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Almost a year ago, Relativity Media was in the throes of complicated bankruptcy proceedings, which caused a delay in the release of several films already completed by the studio. One of those films, The Disappointments Room, is finally making its way to theaters this Friday, in hopes of putting its studio on the road to profitability. Though from the looks of the opening weekend estimates, it looks like the champagne will have to stay on ice, as the embattled film is presumed to have one of the worst openings of all time.
Opening estimates for the D.J. Caruso directed horror thriller peg the film at $2 million, which assures it a third place slot among the worst openings of 2016. However, The Wrap did some digging, and a case could be made for The Disappointments Room to join the ranks of Jem and The Holograms, and even recent dud Morgan, as examples of the worst opening weekends ever. Though this latest Kate Beckinsale vehicle is only being released in about 1500 venues, which not only hurts the film's chances out of the gate, but also makes it harder to qualify where exactly the film lands in the pantheon of failure.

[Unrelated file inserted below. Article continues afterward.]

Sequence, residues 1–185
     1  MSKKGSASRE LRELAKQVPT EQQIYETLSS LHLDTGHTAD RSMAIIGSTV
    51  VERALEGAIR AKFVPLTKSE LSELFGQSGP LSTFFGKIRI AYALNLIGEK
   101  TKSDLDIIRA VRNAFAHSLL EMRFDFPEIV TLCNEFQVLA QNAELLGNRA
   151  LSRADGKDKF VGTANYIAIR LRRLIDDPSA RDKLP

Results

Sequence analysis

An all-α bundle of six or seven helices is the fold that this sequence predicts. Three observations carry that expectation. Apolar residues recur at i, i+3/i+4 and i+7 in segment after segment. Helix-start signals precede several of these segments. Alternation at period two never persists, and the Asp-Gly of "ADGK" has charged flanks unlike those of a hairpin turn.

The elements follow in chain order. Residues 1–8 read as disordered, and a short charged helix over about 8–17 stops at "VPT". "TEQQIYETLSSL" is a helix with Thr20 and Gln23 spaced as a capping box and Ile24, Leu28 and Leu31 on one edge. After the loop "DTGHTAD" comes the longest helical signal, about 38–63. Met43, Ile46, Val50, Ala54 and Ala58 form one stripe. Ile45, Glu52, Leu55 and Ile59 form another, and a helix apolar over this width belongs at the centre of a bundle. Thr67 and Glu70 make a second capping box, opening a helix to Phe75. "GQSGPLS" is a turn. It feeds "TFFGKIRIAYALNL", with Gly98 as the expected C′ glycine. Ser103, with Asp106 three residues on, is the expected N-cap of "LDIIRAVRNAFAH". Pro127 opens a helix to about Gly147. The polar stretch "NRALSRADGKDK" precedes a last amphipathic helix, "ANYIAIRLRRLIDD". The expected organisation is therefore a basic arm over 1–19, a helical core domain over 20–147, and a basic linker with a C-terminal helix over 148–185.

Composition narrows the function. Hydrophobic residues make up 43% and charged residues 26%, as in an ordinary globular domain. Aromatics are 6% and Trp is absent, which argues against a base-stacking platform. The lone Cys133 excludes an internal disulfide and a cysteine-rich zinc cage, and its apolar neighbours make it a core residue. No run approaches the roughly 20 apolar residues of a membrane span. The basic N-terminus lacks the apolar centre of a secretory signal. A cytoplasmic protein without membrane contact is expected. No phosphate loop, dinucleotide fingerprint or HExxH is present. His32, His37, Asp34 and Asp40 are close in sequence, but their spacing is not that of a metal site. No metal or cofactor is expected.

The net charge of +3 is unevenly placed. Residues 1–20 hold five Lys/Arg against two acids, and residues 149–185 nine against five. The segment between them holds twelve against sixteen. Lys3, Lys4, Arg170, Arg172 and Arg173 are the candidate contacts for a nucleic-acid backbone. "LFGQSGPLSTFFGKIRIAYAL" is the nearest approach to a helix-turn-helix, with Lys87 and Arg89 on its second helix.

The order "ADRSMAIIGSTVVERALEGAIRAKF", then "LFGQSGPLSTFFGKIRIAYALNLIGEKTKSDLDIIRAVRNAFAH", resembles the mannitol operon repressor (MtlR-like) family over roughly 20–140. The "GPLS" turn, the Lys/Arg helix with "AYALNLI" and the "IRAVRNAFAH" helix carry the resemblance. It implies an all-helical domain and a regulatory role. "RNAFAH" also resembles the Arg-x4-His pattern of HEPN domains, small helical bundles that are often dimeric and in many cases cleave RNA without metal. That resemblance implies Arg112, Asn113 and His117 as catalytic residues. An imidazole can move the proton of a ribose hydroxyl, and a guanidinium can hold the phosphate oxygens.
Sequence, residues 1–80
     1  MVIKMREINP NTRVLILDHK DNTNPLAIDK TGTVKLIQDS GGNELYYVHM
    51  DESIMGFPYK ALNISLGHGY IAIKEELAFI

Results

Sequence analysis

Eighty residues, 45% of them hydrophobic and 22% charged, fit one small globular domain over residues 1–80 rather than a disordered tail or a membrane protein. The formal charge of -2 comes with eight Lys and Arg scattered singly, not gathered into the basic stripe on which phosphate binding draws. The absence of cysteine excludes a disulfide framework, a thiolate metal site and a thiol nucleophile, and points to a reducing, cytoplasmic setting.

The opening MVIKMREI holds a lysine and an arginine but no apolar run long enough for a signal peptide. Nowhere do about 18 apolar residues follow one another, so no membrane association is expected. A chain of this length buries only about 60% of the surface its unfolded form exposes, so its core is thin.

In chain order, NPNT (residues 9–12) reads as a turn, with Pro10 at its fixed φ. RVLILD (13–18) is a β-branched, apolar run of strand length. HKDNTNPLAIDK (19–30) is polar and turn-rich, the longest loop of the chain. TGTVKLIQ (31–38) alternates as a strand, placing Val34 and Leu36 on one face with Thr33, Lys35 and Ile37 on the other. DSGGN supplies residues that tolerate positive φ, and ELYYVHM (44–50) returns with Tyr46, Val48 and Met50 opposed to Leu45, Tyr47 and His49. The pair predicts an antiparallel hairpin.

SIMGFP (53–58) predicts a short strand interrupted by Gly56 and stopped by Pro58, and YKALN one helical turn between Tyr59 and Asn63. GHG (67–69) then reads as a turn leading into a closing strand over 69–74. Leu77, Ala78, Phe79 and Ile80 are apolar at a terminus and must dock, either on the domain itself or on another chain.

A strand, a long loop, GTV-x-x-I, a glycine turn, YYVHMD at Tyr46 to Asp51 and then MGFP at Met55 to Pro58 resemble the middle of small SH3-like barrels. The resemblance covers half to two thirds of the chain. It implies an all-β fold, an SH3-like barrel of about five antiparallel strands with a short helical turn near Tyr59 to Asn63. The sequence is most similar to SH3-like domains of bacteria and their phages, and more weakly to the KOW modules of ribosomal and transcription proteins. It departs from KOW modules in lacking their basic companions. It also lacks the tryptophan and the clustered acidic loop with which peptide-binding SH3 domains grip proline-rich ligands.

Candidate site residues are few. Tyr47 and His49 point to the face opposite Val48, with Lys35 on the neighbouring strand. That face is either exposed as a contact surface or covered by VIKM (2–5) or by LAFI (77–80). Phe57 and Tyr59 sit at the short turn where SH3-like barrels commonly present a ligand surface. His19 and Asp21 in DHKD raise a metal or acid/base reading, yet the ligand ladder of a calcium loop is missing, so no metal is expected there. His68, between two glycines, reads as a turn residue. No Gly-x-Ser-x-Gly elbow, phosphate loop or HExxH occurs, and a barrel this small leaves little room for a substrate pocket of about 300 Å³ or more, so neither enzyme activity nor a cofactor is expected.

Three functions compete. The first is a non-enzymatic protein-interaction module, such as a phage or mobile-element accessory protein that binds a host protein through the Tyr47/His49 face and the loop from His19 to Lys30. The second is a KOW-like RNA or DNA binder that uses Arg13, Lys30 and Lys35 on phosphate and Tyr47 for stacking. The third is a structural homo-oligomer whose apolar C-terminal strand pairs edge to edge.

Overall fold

Supposedly based on true events, The Disappointments Room looks like a horror flick in the same vein as both The Conjuring and The Amityville Horror. Beckinsale plays a mother whose move into a creepy manor in the countryside could be driving her mad. However, the deeper she digs into the secrets her new home conceals, the more it looks like something, or someone, has it out for her. With a screenplay by Prison Break star Wentworth Miller, The Disappointments Room has to be one of the most unknown quantities on the market to date. Thankfully, a trailer was released recently, which you can watch to bring yourself somewhat up to speed.
It may surprise you to hear this, but The Disappointments Room actually looks halfway decent. Sure, it looks like its cribbing from previously successful horror flicks, but the content on display in this trailer actually looks solid. Considering D.J. Caruso was making a name for himself with films like Disturbia and Eagle Eye, before making a career diverting misstep with I Am Number Four, his directorial skills have lead to some surprisingly entertaining hits. In fact, if a major studio had purchased the rights to The Disappointments Room and thrown it a decent marketing campaign its way, it could have made a mild to moderate showing at the box office.
Alas, the die is cast, and The Disappointments Room will try its hardest to stay visible, in the same weekend that sees Sully and When The Bough Breaks fighting for this weekend's top spot.